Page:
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Judge Orders State Capitol to Remain Open to Public

Injunction says doors must be open during normal business hours and when legislative meetings are under way.

Madison – A Dane County Circuit Court judge this morning issued a temporary injunction against the Department of Administration ordering that the Capitol building be opened to the public.

 Judge Daniel Moeser issued the order at 10 a.m. as a growing crowd of protesters were being held back from the doors of the statehouse by a line of police officers.

The Capitol had been open around the clock to members of the public, most of them protesting Gov. Scott Walker’s budget repair bill, since Feb. 15. But on Sunday, the DOA announced that the building would close at 4 p.m.

The Capitol remained closed to the public Monday, and shortened hours were announced today. But the injunction says that the administration “shall open the Wisconsin Capitol to members of the public during business hours and at times when governmental matters, such as hearings, listening sessions and court arguments are being conducted.”

Democratic legislators and protesters were demanding that the doors be opened to all without restrictions as security checks remained in place as of 11:30 a.m.

“We applaud Judge Moeser for ensuring that clean, open government is upheld,” state Rep. Peter Barca said in a statement. “People must have the freedom to visit their Capitol and petition their government. It is their Constitutional right. The fight to restore freedom in Wisconsin continues.”

The Department of Justice, acting on behalf of the administration, is challenging the restraining order, and a hearing is set for 2:15 p.m. today before Circuit Judge John Albert.

If the order stands, the Capitol would have to remain open not only for the governor's budget address at 4 p.m. but for an open meeting of the Joint Finance Committe, which is required to meet after the budget is introduced.

Robert March 01, 2011 at 06:25 PM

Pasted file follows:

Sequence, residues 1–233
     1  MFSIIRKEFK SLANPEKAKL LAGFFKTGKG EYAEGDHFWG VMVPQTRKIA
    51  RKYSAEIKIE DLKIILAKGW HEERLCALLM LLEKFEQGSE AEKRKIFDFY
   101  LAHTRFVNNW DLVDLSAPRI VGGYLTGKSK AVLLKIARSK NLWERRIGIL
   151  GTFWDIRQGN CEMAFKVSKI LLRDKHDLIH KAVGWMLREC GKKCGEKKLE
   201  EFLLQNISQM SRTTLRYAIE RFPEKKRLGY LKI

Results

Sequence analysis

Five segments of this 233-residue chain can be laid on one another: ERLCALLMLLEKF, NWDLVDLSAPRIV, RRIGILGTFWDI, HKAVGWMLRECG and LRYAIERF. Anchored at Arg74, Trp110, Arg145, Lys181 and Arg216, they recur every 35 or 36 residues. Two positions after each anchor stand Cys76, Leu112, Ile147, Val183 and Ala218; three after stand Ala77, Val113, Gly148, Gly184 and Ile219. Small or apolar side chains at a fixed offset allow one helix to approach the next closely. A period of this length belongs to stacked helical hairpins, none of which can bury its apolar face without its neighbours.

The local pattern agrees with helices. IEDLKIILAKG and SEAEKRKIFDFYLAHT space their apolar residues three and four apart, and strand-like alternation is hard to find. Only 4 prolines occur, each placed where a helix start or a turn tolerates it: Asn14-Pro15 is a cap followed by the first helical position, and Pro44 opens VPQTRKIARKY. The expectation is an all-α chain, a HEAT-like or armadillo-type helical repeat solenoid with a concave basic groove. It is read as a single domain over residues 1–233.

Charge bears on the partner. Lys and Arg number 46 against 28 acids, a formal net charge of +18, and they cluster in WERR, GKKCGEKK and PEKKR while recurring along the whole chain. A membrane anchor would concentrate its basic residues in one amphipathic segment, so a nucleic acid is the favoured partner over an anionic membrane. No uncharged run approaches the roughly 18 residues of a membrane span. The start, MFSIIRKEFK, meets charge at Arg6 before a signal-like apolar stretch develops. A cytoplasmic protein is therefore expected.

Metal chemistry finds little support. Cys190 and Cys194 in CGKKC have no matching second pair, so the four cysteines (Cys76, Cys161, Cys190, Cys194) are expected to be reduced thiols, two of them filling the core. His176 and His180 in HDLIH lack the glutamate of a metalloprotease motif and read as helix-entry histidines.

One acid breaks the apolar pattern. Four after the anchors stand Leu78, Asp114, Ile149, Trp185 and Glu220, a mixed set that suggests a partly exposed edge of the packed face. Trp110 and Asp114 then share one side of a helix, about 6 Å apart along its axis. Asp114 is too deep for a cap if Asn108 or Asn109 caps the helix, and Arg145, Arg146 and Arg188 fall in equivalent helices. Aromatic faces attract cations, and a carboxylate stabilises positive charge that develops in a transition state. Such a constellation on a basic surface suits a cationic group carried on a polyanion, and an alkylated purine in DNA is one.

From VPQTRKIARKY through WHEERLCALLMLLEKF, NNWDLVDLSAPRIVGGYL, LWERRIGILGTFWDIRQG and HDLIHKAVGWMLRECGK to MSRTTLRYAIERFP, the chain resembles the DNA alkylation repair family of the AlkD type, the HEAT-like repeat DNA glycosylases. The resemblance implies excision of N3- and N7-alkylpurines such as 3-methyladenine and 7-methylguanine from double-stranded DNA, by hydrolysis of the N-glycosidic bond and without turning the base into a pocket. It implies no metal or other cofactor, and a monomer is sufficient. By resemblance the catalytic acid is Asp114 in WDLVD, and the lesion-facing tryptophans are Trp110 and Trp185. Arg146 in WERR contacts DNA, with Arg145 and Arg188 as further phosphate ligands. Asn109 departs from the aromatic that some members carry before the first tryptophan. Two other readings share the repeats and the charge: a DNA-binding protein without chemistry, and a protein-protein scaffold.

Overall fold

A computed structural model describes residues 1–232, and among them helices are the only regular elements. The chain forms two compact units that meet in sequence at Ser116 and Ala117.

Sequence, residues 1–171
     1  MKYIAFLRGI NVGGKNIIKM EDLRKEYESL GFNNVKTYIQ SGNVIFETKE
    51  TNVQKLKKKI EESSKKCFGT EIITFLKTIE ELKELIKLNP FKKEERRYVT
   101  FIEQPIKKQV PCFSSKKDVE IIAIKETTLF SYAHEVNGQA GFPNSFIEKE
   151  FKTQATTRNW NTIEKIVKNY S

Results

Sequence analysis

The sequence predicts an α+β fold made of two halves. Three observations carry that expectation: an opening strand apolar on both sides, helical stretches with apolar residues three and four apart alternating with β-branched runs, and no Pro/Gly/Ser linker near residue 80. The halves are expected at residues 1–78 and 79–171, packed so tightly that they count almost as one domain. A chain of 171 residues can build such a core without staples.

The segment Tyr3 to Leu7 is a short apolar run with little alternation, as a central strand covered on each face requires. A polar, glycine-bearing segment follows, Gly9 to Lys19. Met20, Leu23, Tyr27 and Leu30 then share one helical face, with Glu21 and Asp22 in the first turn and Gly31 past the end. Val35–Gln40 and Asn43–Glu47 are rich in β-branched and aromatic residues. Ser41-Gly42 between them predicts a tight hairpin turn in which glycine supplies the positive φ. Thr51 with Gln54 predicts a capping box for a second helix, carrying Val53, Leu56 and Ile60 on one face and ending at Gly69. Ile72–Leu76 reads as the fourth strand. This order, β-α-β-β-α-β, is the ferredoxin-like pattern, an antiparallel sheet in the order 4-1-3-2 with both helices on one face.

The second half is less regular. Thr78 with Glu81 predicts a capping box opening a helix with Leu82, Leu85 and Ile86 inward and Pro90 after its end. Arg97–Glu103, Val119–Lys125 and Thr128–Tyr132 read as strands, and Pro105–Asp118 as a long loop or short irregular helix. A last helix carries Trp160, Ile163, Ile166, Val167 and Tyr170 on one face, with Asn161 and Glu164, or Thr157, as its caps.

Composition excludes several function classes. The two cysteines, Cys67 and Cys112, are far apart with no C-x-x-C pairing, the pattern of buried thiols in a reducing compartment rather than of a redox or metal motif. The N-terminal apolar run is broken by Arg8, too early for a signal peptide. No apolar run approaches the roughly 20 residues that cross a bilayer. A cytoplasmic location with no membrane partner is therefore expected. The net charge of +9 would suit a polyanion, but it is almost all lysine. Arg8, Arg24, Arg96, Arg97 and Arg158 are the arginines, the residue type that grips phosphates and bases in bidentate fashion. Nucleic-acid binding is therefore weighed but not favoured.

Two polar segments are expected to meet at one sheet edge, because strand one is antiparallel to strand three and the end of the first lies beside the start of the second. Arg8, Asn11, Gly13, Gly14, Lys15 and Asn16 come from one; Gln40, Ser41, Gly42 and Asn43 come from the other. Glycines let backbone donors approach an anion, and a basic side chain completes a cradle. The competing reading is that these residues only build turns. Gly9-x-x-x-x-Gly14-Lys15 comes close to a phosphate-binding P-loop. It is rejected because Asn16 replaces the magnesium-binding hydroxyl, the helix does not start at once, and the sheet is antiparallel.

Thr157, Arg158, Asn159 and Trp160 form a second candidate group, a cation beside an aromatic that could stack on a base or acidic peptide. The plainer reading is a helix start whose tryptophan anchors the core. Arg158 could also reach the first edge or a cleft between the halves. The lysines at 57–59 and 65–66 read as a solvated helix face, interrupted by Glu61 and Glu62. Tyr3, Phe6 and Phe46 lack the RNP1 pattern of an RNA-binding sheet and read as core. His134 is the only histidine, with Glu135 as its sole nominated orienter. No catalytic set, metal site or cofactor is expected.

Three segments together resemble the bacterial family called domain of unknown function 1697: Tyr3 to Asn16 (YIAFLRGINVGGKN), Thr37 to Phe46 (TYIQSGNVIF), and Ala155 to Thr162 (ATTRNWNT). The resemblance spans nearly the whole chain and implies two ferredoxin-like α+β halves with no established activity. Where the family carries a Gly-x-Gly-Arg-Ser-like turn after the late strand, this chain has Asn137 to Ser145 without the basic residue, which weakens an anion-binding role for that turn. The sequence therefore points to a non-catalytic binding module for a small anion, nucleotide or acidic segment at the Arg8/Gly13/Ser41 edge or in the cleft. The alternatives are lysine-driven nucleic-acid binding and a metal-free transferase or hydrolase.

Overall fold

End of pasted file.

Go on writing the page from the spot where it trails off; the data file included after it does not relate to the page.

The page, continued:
Let the judge go in and clean the place. he probably lives liek apig too.
Bob McBride March 01, 2011 at 06:51 PM
This could be the circus to end all circuses tonight if they keep it open. I'm sure I'll be reminded that it's "the people's house"and that, as such, it should be open for whatever kind of disruption those protesters are intent on providing. If nothing else, it will demonstrate the difference in the ways the two sides approach governance.
Harvey March 01, 2011 at 07:50 PM
I hope the judge does as he says--I hope he remembers that his courtromm is the peoples too. Will he let a mob into his courtoom during proceedings?
Kathy March 01, 2011 at 09:01 PM
I was at the capitolon Thurs Feb 24. There was a tremendous crowd but the building was not being trashed. Instead, people were respectful, leaving many signs saying "this is our house, treat it with respect", and were courteous and respectful of the police. There was not a lot of trash on the floor, it was being put in receptacles. It was noisy, absolutely, but I found it gratifying to hear the chant "This is What Democracy Looks Like" People are bringing their children to see and hear what is going on. It was not a mob. It is concerned citizens who do not want to see anyone's rights taken away. I went into the assembly gallery. The audience in the gallery were absolutely quiet as is required in there. If you haven't been there, don't make wild accusations. I have no union affiliation. I just know that taking away the rights of some is weakening the rights of all. And I know that selling off our state assets on a NO BID basis, like the bill's provision for no bid sale of the state's power plants, is an abuse of power. There is definitely reason why some signs read "Walker is not a badger, he's a weasel." Even four state assembly republicans voted against the bill.
Kathryn Ameringer March 02, 2011 at 04:00 PM
The Capitol building should remain open during normal business hours, but people should be required to leave when it closes. Last time I checked, the Capitol was not listed as a Wisconsin state campground! Seriously, we have a beautiful historic building that we should respect. It needs to be cleaned throughly on a daily basis and this just can't be accomplished when the building remains full of people. And there is no reason to pay overtime to the Capitol police and others to remain in the building overnight, night after night for security and crowd control. Allow the protesters and whomever else chooses to be there to come when the doors are open, but when the place closes, go home.

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